Senator Kapenga's E-Update
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Wisconsin Works For Everyone: Welfare Reform Special Session
Today, Governor Scott Walker called for a special session of the Wisconsin Legislature to pass Wisconsin Works for Everyone welfare reform legislation authored by myself and Speaker Robin Vos. The Wisconsin Works for Everyone welfare reform plan comprehensively reforms welfare.

We have an opportunity to help people fundamentally transform their lives with these bold reforms. By giving individuals the building blocks they need to be self-sufficient, we are setting them on a path to reach their true potential. Gainful employment helps workers build skills and increase their value--and in turn helps Wisconsin business who desperately need qualified employees. 

Several key initiatives include reforms to Wisconsin’s FoodShare system and the FoodShare Employment and Training (FSET) program, which provides hands-on job training and job search resources and has helped more than 24,000 FoodShare recipients learn an employable skill set and reenter the workforce. State agencies will also take administrative action to strengthen our process to more rigorously identify individuals receiving public benefits who may need substance abuse treatment in order to overcome barriers to employment and move toward self-sufficiency.

Additional proposed reforms under the plan include opening health savings accounts for people receiving medical assistance; providing monthly advance payments for Earned Income Tax Credit recipients instead of the current system in which recipients wait for their tax return; requiring public assistance recipients to remain current on child support payments; and establishing asset limits for people receiving certain forms of public assistance. Several items in this welfare reform package would require federal approval or federal law change.

This package builds off of successful Wisconsin Works reform by expanding access to work and providing  building blocks to gainful employment.  Helping individuals find meaningful work will improve outcomes for recipients of public assistance and tackle the state’s workforce development needs.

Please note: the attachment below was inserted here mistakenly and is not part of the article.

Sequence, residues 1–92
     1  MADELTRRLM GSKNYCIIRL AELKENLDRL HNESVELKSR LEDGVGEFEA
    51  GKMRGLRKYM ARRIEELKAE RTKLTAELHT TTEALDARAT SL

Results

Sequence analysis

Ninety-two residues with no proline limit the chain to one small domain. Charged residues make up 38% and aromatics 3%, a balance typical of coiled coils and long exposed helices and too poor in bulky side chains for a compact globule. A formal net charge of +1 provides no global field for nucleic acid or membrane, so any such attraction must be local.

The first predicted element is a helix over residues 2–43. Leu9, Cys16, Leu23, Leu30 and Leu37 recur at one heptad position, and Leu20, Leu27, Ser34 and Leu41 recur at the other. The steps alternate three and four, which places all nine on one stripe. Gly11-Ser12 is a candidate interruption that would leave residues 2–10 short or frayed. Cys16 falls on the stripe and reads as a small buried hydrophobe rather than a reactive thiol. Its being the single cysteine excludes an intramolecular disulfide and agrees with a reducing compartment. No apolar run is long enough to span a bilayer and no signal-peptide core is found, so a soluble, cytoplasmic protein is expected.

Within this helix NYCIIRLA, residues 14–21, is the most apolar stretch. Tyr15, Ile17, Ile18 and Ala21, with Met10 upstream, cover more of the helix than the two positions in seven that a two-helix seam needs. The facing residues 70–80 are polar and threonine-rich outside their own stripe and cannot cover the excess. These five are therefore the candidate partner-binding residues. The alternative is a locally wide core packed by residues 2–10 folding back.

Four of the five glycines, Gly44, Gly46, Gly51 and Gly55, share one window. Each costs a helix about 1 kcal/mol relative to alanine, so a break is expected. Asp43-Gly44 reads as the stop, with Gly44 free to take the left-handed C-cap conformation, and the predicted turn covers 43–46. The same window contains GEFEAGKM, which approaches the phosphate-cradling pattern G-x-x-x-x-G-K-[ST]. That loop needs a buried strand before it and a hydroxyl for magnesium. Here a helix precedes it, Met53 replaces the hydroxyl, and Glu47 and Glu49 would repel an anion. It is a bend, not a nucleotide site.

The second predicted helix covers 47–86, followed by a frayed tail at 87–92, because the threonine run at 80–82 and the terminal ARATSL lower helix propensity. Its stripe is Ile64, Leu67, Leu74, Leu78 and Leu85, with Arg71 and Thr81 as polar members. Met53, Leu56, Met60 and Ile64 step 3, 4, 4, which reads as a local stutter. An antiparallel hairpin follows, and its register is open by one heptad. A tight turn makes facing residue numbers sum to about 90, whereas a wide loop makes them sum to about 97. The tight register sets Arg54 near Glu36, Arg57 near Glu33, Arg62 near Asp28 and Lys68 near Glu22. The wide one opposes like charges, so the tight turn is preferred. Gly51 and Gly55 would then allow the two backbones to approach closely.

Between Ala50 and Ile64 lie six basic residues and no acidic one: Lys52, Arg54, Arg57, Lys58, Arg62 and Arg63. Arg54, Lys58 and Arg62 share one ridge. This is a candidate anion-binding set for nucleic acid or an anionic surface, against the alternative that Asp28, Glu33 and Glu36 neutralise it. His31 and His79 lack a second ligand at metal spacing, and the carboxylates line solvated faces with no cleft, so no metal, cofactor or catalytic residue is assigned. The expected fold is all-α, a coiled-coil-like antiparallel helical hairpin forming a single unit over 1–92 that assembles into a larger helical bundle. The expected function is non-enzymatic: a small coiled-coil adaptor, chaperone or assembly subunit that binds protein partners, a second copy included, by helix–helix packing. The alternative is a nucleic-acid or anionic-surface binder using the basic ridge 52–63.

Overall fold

For additional information, check out the press release linked here
Inside the Proposal
Authorize the Department of Administration (DOA) to contract with a private service provider for payments to provide social, employment, or correctional services to individuals and create a “pay for success trust fund,” the balance of which may not exceed $20,000,000 at any time. DOA must determine that the contract is expected to result in significant performance improvements or significant budgetary savings for the state or a local government if the contract objectives are achieved.  Contracts will be subject to approval by the Joint Committee on Finance and must meet payment, procedure, and schedule requirements.  The following agencies, Health Services, Corrections, Children and Families, and Workforce Development, must conduct a study of their programs to identify whether and how the kind of contracting provided for under the bill could be utilized as an alternative to current funding model.
Earned Income Tax Credit Partial Payment Pilot Program
If agreed to by the IRS, establish a two-year pilot program whereby 100 Earned Income Tax Credit (EITC) claimants will receive monthly payments throughout the year rather than requiring these recipients to wait until after they have filed their returns to benefit from the EITC program.  For the pilot participants, this will better align work with the receipt of EITC benefits and seek to improve their financial stability.  Advance payments to pilot participants will be limited to 2/3rds of their likely annual credit eligibility.  The Department of Revenue will also compare pilot participants to a group of 100 claimants not receiving the advance payments to determine the success of the program.  For tax years after the two-year pilot, this advance payment program may be made permanent and apply to all eligible EITC claimants if agreed to by the IRS.
Pay-for-Performance Measures for W-2 and FoodShare Vendor Contracts
Requires DHS and DCF to implement performance-based payment systems for W-2 and FSET contracts. This is a new requirement for FSET and would apply for the next round of contracts under W-2, which currently include some level of performance-based payments.